I’ve been mulling a post over the recent North Korean launches of Scud and now Nodong missiles, but I want to draw attention to a wrinkle that’s been neglected — North Korea’s new 300 mm artillery system.
Some of the tests of the short-range rockets in recent weeks may have been tests of a new 300 mm artillery system, according to “military authorities” quoted by Chosun Ilbo:
“Military authorities here tentatively concluded that short-range projectiles North Korea fired into the East Sea on Feb. 21 were not missiles but 300-mm multiple rocket launchers.”
These may have been — may have been — the same launched that narrowly missed a Chinese airliner. Well, I should be careful about “narrowly missed” — this might be the South Korean Defense Ministry stirring up trouble. North Korea does seem to have neglected to file a NOTAM, which is not nice. Seeing the deep anger in China over MH370, Kim Jong Un has to think he dodged an artillery shell there. (Sorry, I couldn’t resist.) Lips and teeth or not, Kim Jong Un does not want to shoot down a Chinese airliner.
If DOD previewed this system in either the North Korean Military Power Report (aka Military and Security Developments involving the DPRK) or Congressional testimony, I missed it. But the best explanation of the possible comparisons for this system that I’ve seen comes from John Grisafi writing at NK News.com:
There are two likely origins of this new MRL system. The more likely one is that the North Korean military and weapons industry developed it domestically by improving upon existing designs such as the 240mm MRL and copying and incorporating any components they may have acquired from other countries. North Korea has had some success developing its own weapons, including several missiles and the 170mm Koksan gun artillery system. The other possibility is that North acquired such a weapon system from another country, such as China, Iran, Syria or others – likely years ago – and has since copied and modified the design for domestic production. Either way, the weapon likely is based at least partially on similar MRLs of other countries, such as the Russian BM-30 Smerch, the Chinese PHL03 and A-100, and Iranian Fajr-5 and Falaq-2 rockets. Regardless of how they did it, North Korea has demonstrated they now have a form of rocket artillery with more than double the range of any other MRL previously in their military.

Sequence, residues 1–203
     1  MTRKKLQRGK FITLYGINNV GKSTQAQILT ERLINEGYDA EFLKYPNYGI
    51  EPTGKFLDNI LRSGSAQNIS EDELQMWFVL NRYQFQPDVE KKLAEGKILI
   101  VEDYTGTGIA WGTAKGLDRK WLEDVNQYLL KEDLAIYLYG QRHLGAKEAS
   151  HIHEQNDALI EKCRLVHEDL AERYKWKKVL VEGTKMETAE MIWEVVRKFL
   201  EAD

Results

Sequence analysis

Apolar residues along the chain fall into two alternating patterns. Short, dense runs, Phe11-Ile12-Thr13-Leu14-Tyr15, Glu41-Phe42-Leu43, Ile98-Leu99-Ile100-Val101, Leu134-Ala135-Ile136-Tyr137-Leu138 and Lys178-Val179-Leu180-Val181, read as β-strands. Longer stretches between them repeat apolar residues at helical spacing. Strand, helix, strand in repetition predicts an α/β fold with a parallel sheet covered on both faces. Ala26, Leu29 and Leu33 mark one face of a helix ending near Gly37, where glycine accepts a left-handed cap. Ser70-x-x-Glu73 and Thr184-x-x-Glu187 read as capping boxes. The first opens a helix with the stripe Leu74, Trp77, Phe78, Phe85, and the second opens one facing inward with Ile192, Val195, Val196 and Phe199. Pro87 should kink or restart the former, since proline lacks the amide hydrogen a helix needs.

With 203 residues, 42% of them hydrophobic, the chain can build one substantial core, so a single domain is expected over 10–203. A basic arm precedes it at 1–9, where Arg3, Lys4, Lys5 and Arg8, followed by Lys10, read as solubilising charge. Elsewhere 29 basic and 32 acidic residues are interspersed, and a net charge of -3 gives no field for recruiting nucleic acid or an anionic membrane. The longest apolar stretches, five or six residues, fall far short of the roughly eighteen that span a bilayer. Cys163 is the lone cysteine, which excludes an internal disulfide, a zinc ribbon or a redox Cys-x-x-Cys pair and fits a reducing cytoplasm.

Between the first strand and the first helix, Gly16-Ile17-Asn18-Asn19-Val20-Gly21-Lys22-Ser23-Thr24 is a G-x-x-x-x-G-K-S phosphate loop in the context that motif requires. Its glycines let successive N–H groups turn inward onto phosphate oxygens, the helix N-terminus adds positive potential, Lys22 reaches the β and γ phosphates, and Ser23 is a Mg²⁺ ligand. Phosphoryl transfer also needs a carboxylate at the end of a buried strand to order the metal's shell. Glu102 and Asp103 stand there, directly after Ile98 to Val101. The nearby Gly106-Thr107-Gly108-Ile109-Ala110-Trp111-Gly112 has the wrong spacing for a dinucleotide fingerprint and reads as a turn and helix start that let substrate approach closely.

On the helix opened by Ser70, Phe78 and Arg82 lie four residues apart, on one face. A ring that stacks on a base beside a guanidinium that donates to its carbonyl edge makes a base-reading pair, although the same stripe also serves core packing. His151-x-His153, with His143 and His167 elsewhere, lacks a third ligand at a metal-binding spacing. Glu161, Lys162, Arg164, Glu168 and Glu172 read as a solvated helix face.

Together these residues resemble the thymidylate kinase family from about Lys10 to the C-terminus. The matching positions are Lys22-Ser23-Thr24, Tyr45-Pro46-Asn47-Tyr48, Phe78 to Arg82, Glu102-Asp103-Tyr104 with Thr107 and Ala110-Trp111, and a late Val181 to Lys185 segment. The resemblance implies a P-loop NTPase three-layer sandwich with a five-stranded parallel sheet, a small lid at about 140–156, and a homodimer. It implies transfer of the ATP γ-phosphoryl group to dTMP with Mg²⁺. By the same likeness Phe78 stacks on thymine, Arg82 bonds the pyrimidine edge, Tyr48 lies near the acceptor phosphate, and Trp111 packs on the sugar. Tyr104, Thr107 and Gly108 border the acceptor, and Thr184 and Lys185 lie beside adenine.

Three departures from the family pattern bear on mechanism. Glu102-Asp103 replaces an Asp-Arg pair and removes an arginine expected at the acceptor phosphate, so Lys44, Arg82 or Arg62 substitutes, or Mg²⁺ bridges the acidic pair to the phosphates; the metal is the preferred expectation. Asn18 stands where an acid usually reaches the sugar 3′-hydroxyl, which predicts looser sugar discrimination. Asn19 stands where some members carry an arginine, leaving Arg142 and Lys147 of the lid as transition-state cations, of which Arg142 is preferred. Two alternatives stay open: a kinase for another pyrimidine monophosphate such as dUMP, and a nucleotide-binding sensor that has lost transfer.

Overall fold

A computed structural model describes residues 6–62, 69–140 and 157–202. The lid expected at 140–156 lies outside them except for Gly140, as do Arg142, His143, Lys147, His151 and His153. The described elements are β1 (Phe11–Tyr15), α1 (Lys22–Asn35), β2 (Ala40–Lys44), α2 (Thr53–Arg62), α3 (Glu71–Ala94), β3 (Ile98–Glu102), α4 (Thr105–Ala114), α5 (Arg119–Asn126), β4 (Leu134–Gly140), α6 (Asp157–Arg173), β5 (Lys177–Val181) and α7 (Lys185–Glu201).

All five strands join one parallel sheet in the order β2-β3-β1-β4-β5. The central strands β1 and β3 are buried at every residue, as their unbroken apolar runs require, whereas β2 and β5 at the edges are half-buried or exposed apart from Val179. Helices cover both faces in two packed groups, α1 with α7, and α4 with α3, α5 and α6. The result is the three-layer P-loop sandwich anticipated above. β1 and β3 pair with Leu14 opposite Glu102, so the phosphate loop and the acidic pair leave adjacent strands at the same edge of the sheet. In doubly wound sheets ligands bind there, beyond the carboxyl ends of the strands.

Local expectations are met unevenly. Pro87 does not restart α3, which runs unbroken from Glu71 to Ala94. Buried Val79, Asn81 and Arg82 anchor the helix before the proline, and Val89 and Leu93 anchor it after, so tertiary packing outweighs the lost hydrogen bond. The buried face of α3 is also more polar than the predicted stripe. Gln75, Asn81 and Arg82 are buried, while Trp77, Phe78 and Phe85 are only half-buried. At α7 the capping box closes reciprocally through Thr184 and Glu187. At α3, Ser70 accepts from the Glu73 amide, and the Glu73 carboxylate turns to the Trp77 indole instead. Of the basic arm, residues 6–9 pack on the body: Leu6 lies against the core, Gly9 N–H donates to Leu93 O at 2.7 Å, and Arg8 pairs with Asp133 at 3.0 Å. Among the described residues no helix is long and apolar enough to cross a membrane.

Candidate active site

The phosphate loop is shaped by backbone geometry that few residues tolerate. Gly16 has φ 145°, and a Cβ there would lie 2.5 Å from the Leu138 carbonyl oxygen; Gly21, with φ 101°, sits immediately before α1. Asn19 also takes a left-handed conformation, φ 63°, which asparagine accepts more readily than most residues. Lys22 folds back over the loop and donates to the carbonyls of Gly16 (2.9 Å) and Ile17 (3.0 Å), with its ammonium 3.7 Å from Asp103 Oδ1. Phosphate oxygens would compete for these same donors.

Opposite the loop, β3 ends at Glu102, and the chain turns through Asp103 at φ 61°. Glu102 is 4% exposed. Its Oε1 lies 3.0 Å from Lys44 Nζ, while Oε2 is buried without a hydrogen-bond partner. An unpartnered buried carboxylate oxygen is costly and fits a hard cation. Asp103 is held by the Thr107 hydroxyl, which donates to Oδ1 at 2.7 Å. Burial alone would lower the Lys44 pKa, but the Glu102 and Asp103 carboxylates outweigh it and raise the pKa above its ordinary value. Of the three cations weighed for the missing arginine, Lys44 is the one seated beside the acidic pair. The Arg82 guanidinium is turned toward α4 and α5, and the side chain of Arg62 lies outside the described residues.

In case you are wondering about the Russian and Chinese comps for the system, here are pictures of the BM-30 and PHL03. I’ve seen reports that China sold the A-100 to Pakistan.
North Korea is making some efforts to upgrade its conventional weapons. It has reinforced long-range artillery forces near the DMZ and has a substantial number of mobile ballistic missiles that could strike a variety of targets in the ROK and Japan. However, we assess that the DPRK’s emphasis will be to leverage the perception of a nuclear deterrent to counter technologically superior forces
There are two possibilities that leap to my mind. The first possibility is that Pyongyang knows all this bluster about turning Seoul into a Sea of Fire with long-range artillery is, well, bluster. Roger Cavazos has actually tried to count launchers, count emplacements, estimate rates of fire and draw range circles for the DPRK artillery force. Although the expected casualties from an artillery barrage are nothing to sneeze at, Roger’s work suggests that the DPRK’s conventional artillery isn’t quite as formidable as popular rhetoric would suggest. Range is a major issue, something a 300 mm projectile helps out with.
Second, there is always the disquieting assertion by Pakistan that it has developed nuclear artillery. I’ve been skeptical of Pakistani claims because a few hundred millimeters is pretty slim for an early generation nuclear weapon. North Korea might be interested in nuclear artillery, might try even if the system is unreliable and isn’t above stretching the truth for effect. After all, North Korea also paraded a truckload of weirdos carrying chestpacks marked with radiation symbols through Pyongyang. The Strategic Rocket Force started life as the Artillery Guidance Bureau. Who knows. It’s something to ponder.